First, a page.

The government’s stimulus package offers liquidity; nothing as yet to grow demand
US Federal Reserve chairman Jerome Powell warned of a recession worse than any since WW2
Worries about the US Federal Reserve’s warning on recession and the lack of clarity on the Indian government’s stimulus packages rattled investor sentiment on Thursday. The BSE Sensex ended at 31,122.89, down 885.72 points or 2.77%, while the 50-share Nifty was at 9,142.75, down 240.80 or 2.57%.
Markets in other parts of Asia, including Japan, China, Hong Kong, and Korea were down 1-2% each. World stock markets fell for a third day after the World Health Organization indicated that the covid-19 may never go away.
US Federal Reserve chairman Jerome Powell quashed talk of US interest rates going negative to kickstart investment. Powell warned of a recession worse than any since World War II, while his suggestion that the Fed’s firepower may not be sufficient to avert deep damage also clearly spooked markets.
Economic conditions in the US may have an impact on foreign fund flow to Indian share markets. In this year so far, foreign institutional investors (FIIs) are net sellers of Indian equities worth $4.16 billion while they have bought $2.46 billion in May. Domestic institutional investors have put in ₹74,119.66 crore in the markets since January.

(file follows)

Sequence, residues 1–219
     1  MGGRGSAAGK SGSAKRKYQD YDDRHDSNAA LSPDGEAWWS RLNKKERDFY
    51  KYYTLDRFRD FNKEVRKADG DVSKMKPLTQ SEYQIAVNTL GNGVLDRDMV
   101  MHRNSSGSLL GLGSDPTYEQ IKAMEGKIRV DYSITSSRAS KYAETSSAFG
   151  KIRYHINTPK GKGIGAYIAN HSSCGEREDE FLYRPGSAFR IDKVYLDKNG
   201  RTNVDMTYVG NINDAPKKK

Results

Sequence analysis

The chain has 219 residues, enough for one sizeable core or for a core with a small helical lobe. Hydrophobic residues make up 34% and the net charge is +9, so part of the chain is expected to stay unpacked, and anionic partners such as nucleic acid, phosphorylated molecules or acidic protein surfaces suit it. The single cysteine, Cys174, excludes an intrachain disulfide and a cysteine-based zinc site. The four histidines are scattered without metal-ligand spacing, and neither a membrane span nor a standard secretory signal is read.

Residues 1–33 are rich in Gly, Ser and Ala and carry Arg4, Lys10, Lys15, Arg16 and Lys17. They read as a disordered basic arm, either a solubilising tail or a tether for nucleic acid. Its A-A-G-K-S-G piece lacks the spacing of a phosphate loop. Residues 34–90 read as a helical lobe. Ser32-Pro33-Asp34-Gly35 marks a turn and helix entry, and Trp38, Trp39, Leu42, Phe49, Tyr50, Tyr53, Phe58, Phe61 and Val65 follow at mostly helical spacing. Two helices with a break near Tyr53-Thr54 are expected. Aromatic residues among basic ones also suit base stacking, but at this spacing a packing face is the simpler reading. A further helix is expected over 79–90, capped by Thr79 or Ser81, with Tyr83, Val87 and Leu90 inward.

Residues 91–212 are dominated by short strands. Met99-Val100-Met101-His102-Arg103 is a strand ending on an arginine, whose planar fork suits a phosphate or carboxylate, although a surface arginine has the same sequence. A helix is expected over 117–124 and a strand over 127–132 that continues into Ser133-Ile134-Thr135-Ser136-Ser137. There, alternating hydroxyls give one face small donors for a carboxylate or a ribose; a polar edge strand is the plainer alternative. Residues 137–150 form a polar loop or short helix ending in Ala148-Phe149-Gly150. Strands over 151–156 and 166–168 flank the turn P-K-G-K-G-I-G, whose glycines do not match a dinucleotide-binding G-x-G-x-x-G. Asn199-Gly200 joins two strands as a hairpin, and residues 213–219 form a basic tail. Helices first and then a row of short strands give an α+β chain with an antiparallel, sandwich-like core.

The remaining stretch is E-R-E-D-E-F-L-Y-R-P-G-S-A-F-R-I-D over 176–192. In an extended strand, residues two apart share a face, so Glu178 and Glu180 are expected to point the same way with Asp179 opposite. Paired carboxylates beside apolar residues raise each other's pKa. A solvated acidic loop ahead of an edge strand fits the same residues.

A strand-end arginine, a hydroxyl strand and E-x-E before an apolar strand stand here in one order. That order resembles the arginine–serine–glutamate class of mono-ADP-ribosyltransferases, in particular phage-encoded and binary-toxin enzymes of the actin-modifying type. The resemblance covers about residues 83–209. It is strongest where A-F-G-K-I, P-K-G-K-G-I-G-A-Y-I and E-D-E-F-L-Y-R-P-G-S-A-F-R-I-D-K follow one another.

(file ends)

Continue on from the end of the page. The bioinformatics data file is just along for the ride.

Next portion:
In India, domestic investors were circumspect about implementation and the effectiveness of the stimulus packages announced by the government. Investors are still looking for measures to boost demand and not just inject liquidity. There is a widespread concern that the relief package may not have any impact without a demand boost.
“Sans a demand boost, the relief package may not be as fruitful. Note that India’s IIP growth pre-corona was the slowest since FY92. We await details on this," Edelweiss Securities said.
“With relief measures announced today, we now await more clarity on reflationary measures (which will entail fiscal costs) and are critical in the recovery process," it added.
“Given the limited fiscal room, the government relied heavily on below-the-line measures, those that do not immediately impact the fiscal deficit but expose the government to long term contingent liabilities," said ICICI Securities. “Government guarantees are a classic example of below-the-line measures and are being used heavily by governments all over the world in the face of covid-19," it said.
The second tranche of the announcement by finance minister Nirmala Sitharaman on Thursday focused on highly-stressed sections such as migrant labour, street vendors, small traders and marginal farmers.
“Today’s announcements were also focused on providing credit support and was mainly an extension of the existing programmes. The concept of ‘One Nation One Ration’ would be beneficial only in the long run as there won’t be any immediate effect. The scenario is similar for most of the measures announced today. Measures such as direct cash transfer are needed to support the low-income earners as they are the worst hit from the current situation," said Deepthi Mathew, economist at Geojit Financial Services.
Reuters contributed to the story.
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